City of Victoria workers worried decapitated cougar story would be leaked: Documents

CHEK
A photo of the decapitated cougar, with a dead raccoon placed near its head, is shown in this image from the FOI request.

More information about a grisly incident involving the decapitation of a deceased cougar is coming to light, after CHEK News filed a Freedom of Information (FOI) request for details on the matter.

On Nov. 21, Victoria police officers shot and killed a cougar that was first seen in a residential neighbourhood in the Gorge area around 5 a.m.

Nearly 12 hours later, around 4:30 p.m., a video sent to CHEK News shows officers shooting the cougar in the 300-block of Waterfront Crescent.

Police said they shot the cougar because they were concerned it would be near families around school time, and because of the time it would take for conservation officers to arrive.

Internally, one City of Victoria worker said the cougar was shot five times, according to the FOI information. CHEK News has reached out to VicPD for further details.

In the days that followed the cat’s killing, CHEK News received several tips that the body of the cougar was brought to a City of Victoria facility, where it was later decapitated.

The municipality and the BC Conservation Officer Service (BCCOS) remained tight-lipped about the allegations, at first only saying the matter was under investigation.

The BCCOS was the first to break the silence, telling CHEK News on Dec. 8 that the head had indeed been removed, but had since been returned and that a person had been written a warning for unlawful possession of wildlife under the province’s wildlife act.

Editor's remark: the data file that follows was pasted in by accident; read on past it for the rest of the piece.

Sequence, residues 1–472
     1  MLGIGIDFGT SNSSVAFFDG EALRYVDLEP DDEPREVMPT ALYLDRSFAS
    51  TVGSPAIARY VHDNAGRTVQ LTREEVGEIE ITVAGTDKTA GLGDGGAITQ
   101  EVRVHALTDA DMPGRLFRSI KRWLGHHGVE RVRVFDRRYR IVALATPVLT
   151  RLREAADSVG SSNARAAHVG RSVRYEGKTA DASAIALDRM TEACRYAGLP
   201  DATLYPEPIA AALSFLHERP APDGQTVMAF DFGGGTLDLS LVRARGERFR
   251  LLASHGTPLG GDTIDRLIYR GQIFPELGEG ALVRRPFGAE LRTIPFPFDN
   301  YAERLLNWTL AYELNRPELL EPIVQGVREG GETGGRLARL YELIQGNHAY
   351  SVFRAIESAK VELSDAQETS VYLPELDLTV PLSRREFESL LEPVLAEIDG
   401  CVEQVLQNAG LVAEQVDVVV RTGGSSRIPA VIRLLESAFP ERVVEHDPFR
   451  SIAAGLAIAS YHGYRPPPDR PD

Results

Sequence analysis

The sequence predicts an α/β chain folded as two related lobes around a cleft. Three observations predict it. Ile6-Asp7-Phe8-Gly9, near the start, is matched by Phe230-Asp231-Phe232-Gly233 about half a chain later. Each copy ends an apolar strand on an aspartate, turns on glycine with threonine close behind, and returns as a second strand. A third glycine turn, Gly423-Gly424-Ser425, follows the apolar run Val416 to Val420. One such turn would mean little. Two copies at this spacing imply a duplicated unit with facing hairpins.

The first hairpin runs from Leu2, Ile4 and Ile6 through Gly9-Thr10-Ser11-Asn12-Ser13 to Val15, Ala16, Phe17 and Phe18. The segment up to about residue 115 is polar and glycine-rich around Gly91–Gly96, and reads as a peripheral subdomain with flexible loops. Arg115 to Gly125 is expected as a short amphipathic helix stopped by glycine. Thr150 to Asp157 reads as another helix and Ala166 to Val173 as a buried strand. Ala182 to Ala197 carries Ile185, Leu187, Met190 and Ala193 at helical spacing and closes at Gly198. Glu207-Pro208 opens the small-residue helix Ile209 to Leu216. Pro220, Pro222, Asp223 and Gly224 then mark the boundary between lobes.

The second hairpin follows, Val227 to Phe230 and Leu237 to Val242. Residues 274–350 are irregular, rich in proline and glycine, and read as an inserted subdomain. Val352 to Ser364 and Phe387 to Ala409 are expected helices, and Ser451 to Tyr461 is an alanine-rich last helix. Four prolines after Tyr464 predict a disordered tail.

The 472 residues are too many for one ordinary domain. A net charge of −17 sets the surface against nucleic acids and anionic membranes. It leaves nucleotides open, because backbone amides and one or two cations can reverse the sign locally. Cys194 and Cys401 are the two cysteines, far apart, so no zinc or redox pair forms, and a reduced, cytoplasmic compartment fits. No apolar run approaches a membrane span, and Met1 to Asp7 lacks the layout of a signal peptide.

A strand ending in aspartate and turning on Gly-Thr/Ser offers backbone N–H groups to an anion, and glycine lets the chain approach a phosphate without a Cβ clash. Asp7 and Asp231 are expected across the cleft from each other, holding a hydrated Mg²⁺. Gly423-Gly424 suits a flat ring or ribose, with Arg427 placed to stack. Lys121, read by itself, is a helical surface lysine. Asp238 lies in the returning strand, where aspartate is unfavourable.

“The cougar head was promptly returned to the COS,” the statement said. “The individual was co-operative throughout the investigation and expressed remorse for their actions.”

It would be another month before the city confirmed that a municipal worker had been fired for the incident.

Timeline and concerns

Files given to CHEK News through the FOI request show that the municipality wanted to remain quiet about the issue for as long as possible.

“My suggestion is that we acknowledge there is a matter under investigation but provide no further comment at this time,” wrote William Doyle, assistant director of Victoria public works, in an email dated to Dec. 1.

In another text exchange on the same day, city manager Jocelyn Jenkins expressed concern that the cougar incident has been made public.

“Morning. We now have a media call on the cougar. They have all the details…” she wrote.

An unnamed staffer responded by saying:

“Okay. At minimum I presume we can acknowledge there is a matter under investigation but with the Conservation Service also investigating, I suppose we should say no further comment at this time.”

Photos uncovered by the FOI request show the decapitated cougar next to a raccoon carcass.

“7:30 a.m. whole cat,” reads an undated text exchange, which included the photos.

“11:30 a.m. no head. Dead raccoon at the head,” the next text reads.

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A photo of the cougar before it was decapitated is shown in this image from the FOI request.